The BBC’s Strictly Come Dancing had a movie special this week, and for his number British Paralympic table tennis champion Will Bayley figured, sure, I’ll be Ash and dance with a slightly terrifying depiction of Pikachu, played by professional dancer Janette Manrara. Why not.
To recap: the show, which cost parents £12-20 (USD$15-25) to attend, offered a few lame diversions and a bank of PCs that charged people for a game of the otherwise free-to-play Fortnite.
It was trading entirely on the Fortnite brand, but had absolutely zero permission to use it; a small disclaimer on the foot of the event’s website (which is now down) attempted to state this, but Epic, the creator and owner of the game, are having none of it.
An Epic Game spokesperson tells Kotaku that “The quality of our player experience is incredibly important to us, whether it’s inside the game or at official public events like last year’s Fortnite Pro-Am.”
“Epic Games was not in any way associated with the event that took place in Norwich and we’ve issued a claim against the organizers in the High Court of London.”
The legal action has prompted the company behind the show, Exciting Events, to cease trading. “Epic Games, the owners of Fortnite, have now forced the shut down of the two pre-booked future Fortnite Live events”, owner Shaun Lord wrote to attendees.
“These proceedings by Epic Games has had a catastrophic impact on the company’s ability to trade, which has forced Exciting Events Limited to cease all trading activities immediately and the director of Exciting Events will now seek to limit the losses to third parties as far as possible.”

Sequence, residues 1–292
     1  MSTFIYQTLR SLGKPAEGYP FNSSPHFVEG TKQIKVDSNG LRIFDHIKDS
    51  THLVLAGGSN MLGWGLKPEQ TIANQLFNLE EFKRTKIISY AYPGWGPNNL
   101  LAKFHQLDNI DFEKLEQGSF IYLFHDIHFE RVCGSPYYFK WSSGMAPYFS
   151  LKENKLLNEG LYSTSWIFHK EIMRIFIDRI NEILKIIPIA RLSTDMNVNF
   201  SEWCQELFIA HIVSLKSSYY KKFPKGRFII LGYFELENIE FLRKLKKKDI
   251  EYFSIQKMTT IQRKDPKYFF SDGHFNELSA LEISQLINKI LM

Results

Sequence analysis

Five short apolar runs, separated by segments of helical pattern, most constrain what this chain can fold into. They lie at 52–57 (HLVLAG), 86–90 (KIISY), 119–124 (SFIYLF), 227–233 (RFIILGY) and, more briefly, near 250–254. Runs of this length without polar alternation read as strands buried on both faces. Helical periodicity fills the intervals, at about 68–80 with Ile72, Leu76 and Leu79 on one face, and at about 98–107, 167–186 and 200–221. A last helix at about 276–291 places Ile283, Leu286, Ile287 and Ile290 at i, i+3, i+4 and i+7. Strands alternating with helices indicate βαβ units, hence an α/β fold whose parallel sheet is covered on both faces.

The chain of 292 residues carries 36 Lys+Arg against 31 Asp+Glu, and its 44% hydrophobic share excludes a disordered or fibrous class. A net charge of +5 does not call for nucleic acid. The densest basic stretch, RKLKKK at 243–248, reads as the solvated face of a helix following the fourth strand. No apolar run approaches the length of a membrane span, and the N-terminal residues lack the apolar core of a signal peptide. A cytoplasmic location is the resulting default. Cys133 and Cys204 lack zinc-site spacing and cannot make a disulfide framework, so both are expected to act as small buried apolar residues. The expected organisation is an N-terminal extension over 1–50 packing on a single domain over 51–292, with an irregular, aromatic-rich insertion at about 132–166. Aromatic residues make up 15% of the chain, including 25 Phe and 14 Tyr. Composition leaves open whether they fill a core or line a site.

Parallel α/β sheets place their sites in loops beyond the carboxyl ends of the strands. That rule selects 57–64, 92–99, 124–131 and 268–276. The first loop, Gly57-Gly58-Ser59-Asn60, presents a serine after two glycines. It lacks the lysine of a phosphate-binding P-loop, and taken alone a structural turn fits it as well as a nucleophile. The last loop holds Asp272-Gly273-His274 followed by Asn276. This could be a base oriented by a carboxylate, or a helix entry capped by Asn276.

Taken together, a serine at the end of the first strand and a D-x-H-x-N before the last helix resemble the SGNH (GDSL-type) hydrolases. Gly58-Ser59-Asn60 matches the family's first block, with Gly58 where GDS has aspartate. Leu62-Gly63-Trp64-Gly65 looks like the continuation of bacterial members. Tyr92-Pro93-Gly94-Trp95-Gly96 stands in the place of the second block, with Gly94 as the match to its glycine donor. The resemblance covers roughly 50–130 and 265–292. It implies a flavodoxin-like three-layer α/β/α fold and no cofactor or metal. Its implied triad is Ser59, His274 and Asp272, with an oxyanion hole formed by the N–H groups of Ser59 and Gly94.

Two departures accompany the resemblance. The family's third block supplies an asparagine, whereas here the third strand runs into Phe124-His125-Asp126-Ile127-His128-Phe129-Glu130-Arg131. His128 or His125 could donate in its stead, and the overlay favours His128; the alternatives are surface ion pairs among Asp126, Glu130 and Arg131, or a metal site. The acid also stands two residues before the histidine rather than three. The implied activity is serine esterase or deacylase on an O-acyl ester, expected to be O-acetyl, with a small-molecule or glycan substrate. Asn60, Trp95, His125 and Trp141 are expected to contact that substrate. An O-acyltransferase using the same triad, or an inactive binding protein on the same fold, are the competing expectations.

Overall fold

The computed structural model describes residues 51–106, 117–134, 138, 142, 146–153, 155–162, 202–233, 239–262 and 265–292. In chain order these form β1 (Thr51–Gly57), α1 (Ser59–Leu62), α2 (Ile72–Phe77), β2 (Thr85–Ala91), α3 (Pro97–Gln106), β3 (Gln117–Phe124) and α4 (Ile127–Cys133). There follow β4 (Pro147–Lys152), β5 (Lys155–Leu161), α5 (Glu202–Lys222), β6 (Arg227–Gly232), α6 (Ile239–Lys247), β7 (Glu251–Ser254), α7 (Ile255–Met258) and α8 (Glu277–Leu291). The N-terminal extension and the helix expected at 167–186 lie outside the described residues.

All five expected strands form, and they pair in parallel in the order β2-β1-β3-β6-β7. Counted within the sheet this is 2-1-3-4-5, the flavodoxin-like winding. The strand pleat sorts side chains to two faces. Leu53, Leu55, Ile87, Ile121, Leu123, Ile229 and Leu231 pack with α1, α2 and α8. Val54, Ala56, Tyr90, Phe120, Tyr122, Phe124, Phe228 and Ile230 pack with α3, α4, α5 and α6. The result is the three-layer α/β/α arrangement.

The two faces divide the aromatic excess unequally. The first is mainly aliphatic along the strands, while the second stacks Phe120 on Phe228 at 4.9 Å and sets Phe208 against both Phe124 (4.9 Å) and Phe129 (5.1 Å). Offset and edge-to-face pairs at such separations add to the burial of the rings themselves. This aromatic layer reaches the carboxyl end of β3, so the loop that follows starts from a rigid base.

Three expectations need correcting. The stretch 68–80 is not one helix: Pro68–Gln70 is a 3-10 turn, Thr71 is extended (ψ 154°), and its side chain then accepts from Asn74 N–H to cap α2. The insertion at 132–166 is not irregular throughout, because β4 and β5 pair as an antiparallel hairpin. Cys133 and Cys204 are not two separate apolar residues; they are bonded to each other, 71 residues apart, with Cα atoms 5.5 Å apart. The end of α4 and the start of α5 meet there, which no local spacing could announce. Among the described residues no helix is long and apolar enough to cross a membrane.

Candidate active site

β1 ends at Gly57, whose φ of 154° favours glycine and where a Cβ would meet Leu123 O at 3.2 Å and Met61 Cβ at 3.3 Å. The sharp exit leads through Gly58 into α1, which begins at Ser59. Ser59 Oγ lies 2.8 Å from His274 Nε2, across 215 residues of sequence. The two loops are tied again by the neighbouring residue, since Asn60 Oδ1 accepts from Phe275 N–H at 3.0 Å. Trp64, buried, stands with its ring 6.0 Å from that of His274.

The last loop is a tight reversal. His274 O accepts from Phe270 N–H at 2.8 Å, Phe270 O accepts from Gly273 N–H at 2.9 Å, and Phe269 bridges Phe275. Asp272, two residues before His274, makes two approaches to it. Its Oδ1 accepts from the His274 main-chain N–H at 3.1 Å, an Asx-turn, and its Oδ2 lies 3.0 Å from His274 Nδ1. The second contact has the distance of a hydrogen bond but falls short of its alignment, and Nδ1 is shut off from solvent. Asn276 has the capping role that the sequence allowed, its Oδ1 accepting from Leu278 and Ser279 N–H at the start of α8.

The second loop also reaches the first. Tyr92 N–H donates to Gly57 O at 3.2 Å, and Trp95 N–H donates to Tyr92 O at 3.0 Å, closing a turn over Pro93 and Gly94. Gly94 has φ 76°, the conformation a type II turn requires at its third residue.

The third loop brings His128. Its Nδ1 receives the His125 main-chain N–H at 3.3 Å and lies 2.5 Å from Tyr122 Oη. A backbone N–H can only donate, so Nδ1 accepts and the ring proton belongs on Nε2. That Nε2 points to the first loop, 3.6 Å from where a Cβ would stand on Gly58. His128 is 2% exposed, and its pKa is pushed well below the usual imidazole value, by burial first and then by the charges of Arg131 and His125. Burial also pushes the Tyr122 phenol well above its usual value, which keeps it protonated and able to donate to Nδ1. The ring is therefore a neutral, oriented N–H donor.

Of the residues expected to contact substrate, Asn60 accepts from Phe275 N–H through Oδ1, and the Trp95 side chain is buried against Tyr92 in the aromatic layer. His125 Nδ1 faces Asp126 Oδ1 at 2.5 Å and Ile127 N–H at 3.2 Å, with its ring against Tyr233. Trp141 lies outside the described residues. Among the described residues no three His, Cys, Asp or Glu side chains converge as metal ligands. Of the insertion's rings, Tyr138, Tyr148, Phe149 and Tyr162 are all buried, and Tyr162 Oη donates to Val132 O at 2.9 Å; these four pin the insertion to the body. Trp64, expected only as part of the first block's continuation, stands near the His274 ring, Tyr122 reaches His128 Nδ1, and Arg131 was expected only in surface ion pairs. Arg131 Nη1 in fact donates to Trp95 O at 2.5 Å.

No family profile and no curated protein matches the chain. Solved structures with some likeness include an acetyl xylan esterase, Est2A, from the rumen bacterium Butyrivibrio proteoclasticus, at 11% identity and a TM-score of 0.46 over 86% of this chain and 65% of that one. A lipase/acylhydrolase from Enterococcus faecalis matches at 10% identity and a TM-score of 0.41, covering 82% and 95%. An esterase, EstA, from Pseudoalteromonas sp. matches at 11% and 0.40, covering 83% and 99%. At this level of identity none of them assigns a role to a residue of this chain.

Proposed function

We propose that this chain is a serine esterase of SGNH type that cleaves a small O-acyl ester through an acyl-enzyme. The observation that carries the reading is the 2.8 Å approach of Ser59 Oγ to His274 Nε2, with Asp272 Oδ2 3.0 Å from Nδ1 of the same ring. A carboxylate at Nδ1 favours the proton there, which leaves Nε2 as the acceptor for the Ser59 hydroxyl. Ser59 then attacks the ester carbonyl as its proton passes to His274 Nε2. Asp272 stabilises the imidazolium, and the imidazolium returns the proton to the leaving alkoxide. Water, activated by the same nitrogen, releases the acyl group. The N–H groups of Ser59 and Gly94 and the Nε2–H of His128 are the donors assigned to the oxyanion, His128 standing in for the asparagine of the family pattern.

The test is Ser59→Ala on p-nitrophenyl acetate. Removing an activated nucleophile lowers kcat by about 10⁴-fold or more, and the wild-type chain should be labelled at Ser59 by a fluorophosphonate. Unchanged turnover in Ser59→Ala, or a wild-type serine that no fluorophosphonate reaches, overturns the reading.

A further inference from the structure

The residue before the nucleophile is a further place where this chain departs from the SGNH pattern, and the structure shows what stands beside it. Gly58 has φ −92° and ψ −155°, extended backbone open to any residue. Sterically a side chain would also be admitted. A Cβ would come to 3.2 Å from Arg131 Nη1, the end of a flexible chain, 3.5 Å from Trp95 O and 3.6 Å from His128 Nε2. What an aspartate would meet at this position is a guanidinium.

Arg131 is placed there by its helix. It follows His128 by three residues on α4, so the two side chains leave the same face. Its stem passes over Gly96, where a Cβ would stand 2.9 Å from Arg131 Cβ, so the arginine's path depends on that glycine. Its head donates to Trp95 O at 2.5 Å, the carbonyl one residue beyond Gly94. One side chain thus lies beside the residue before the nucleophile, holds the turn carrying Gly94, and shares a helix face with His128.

In the proud tradition of shows like DashCon, Fyre and NathanCon, an under-staffed, under-planned and unlicensed Fortnite party held in the UK over the weekend turned out to be a complete disaster.
Fortnite Live, held February 16-17 in the English city of Norwich, billed itself as “the ultimate Fortnite Battle Royale!”, which would feature stuff like dance battles, activities like archery and rock-climbing, big-screen broadcasts of YouTubers and banks of PCs available to play Fortnite on.
Tickets cost between £12-20 (USD$15-25), and just under 3000 kids showed up for the party. Entry for anyone not in possession of an early bird pass was massively delayed—organisers blamed staff shortages—but once inside things didn’t improve.
The Guardian reports that despite the attendance figures “There was…only space for four children to practice archery at the same time and just one climbing wall tower with room for three climbers”.
Attendees reported that the PC section cost money to play, despite Fortnite being a free-to-play title that kids could have been playing for nothing at home. Disappointed parents have been leaving messages on the show’s Facebook page like:
It was terrible, what an absolute disaster…. not like advertised!! We went for the early bird but some stuff wasn’t even set up!! The best thing about the event was the burger I had!! My son wanted to leave!! And As for the organiser saying it went well, what an absolute joke.
I have got tickets for tomorrow not taking my son to get upset want a refund like everybody else does
It’s awful. I have a very disappointed 9-year old. They should be ashamed.
A tarpaulin lobbed over a van with a plastic slide sticking out the back [was] billed as a ‘Cave Experience’.
But enough words. Please allow this video, uploaded by the show itself presumably as some kind of hype clip, set the scene:
The owner of the show’s operating company, Shaun Lord, told The Guardian that “he had given a refund to everyone who had asked”, and that he’s “dealing with people on an individual basis”.
The event, despite using Fortnite’s name, logo and official art to promote itself, was in no way licensed or approved by Epic Games.